The non-Boston NBA community would argue that Boston won't be able to stop Miami regardless of what they do. I don't think it's that bleak, but we're talking about beating the favorite here. The Heat beat the Cs at their smallball peak last year, then did the same thing to OKC while simultaneously destroying their traditional lineups. They're a very good team that presents matchup problems regardless of who you put out there. We're rooting for a longshot to come through regardless; the Cs probably win last year if Bosh is out another week. Crazier things have happened.

            The way I see it, you can beat Miami by being an elite big team (Memphis,) or by beating them at their own game (Knicks.) I don't think you'll get anywhere by trying to straddle the line (OKC last year.) The Heat are too good at doing traditional things with their small lineup. The Cs will never be an elite big team, so that leaves one chance.

        • Phil

          That's fair. You could obviously argue that the small lineups will be worse regardless because of Bradley being out, but it's clear that the bigs are an issue too. Bass has been bad, and Green can't even play smallball 4, let alone traditional 4. I'm all for regular season experimentation.

      • The Cardinal

        The problem is if the C's don't go big more often, forget Miami – they probably won't make the playoffs! They certainly won't make the playoffs with Bass or Green at the 4 and KG at the 5, and if you start Sully beside KG, you're even weaker with Bass or Green playing with Wilcox off the bench.

        Sure, Collins will foul out in 20 minutes given the opportunity, but don't underestimate the impact that his brawn and willingness to plug the lane and give hard fouls has on slowing the other team's layup drills. He's managed to stay in the league for a reason, so I say utilize that experience unless or until: 1) one of the anointed starts playing better consistently, or 2) you bring in a more well-rounded big.

        • Phil

          I don't really think missing the playoffs is a concern barring an injury (read; injury to KG.) That speaks to the overall level of the East more than anything else. If we assume Orlando will eventually fall out, that leaves 9 teams for 8 spots. The Cs would have to finish last among a group that includes Philly/Brooklyn/Milwaukee/Indiana. I can't see that happening; the Celtics are still a good team, even if they have holes. What I do think is realistic with a bad regular is ending up with the 7th seed and a first round road series in New York or Miami that could lead to a quick summer.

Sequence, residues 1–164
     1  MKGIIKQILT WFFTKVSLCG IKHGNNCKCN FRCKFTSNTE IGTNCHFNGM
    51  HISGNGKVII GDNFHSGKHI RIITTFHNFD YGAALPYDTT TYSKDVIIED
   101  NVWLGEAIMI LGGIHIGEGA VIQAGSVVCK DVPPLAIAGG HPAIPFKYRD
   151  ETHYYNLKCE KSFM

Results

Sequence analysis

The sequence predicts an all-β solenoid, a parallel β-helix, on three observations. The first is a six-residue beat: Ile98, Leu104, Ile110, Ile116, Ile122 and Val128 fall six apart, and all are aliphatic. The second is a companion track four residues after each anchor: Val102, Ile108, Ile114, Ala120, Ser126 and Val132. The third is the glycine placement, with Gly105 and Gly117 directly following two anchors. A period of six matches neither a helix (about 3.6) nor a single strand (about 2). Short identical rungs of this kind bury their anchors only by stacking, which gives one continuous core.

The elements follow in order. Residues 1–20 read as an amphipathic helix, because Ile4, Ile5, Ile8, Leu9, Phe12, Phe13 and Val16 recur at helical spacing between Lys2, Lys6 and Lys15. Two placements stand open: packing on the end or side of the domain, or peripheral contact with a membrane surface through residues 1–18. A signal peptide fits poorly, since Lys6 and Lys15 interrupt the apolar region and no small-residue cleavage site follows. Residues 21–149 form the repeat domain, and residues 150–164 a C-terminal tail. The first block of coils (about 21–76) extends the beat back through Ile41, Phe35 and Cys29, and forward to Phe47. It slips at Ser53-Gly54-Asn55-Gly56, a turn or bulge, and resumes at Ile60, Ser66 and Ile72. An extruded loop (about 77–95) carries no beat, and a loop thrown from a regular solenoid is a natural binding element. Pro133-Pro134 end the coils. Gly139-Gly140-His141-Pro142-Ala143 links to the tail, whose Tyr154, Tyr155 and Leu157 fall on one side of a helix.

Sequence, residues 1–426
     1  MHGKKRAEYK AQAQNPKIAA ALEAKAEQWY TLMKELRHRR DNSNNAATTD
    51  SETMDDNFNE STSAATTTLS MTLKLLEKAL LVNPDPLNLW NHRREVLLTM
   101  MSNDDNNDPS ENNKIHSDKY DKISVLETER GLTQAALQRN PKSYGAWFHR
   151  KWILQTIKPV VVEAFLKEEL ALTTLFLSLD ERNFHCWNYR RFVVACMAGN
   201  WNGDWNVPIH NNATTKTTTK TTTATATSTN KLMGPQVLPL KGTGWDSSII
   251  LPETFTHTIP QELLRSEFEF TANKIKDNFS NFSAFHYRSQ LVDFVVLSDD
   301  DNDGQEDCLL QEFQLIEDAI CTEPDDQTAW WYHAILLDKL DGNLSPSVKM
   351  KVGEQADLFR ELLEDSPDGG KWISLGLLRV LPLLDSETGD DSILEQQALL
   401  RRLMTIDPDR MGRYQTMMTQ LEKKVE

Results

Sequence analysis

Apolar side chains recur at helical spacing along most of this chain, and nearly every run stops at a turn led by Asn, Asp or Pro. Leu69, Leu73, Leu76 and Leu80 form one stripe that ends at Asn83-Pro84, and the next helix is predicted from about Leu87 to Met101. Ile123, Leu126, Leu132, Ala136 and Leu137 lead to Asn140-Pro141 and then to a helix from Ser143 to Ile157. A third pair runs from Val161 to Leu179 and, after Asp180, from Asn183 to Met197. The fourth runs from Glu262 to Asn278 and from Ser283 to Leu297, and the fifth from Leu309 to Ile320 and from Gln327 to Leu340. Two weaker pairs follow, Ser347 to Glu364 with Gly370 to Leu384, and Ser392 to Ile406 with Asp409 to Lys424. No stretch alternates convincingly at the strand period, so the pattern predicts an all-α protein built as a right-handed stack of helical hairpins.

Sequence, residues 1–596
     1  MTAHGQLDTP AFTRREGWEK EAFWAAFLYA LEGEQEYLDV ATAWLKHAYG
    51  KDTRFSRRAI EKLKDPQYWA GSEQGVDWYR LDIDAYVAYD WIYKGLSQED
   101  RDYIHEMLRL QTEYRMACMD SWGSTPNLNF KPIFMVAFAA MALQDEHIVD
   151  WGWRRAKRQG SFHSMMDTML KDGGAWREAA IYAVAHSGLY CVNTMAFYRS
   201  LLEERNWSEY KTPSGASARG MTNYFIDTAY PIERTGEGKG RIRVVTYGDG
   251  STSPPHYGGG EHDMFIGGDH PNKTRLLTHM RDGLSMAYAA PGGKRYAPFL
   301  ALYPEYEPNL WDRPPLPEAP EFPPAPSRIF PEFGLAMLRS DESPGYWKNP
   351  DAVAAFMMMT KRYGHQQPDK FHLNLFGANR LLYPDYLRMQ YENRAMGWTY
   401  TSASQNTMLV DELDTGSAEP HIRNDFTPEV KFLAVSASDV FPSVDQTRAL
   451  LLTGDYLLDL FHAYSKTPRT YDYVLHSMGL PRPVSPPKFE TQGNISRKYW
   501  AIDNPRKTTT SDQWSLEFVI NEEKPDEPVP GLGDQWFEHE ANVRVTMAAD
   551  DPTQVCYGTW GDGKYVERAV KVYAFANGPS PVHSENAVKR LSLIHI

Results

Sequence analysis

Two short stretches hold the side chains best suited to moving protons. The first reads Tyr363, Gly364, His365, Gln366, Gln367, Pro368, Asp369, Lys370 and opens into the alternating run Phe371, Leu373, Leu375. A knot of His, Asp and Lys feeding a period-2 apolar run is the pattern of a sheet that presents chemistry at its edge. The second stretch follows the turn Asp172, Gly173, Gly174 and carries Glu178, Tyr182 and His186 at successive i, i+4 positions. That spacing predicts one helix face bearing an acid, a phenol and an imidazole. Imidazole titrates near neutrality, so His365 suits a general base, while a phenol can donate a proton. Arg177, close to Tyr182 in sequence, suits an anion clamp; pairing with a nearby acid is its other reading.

I'm also not sure that Collins sticking around is that impressive; the league is filled with old guys in the league because they're seven feet tall. I assume there are grandparents who remember watching Juwan Howard and the Fab 5. I just think people are infatuated with the idea of a true 5, rather than the specifics of Collins playing that spot. I've been trying to break up the arguments though, because there's one very important caveat; you've already been playing 4 on 5 with Bass lately. I'd rather go into the game tonight with Collins starting than Bass. If we're still in this position come playoffs though, it's a whole different issue.

  • I would love (LOVE) to see the C's do whatever it takes to pry Cousins out of Sacramento. He's a headcase, but he's a legitimate franchise center and I think an organization like the Celtics is EXACTLY what he needs. He's a young, cocky player who wants to win and the Celtics know how to do exactly that. With him learning from KG, being nurtured by Doc and playing with Rondo he'll lose basically everything he has to gripe about.

    It'll cost the C's a lot (although the Magoofs clearly have no intentions of running their franchise properly – I used to live in Sacramento and have been a Kings fan since '99 despite me adopting the Celtics when I moved here) but the potential rewards of a gifted, powerful center being paired with the top point guard in the game while they're both young are too good to pass up.

    • dslack

      I'm not sure how much he wants to win. His jogging back on defense while complaining to the refs doesn't scream "WANTS TO WIN" to me.

      • Yeah, but he's also playing in Sacramento which hasn't been any good since Webber and Vlade left. I think he'd drop those habits fast in a better environment.

  • IBleedGreen

    Little off topic but I just realized that OJ Mayo's salary is only 4 million, while we're paying Jeff Green 9 million. Wow. Didn't we have a chance to go after Mayo involving Ray Allen a couple seasons ago?

    • The Cardinal

      I read recently that Mayo didn't want to come to Boston last season because there was no guarantee he would start with the emergence of Bradley. I've made peace with Jeff Green signing and can only hope that he'll be worth it.

      The guy that was on my "give the knucklehead a chance" wish list this summer was Andre Blatche, but I have no idea if the C's or Blatche were interested.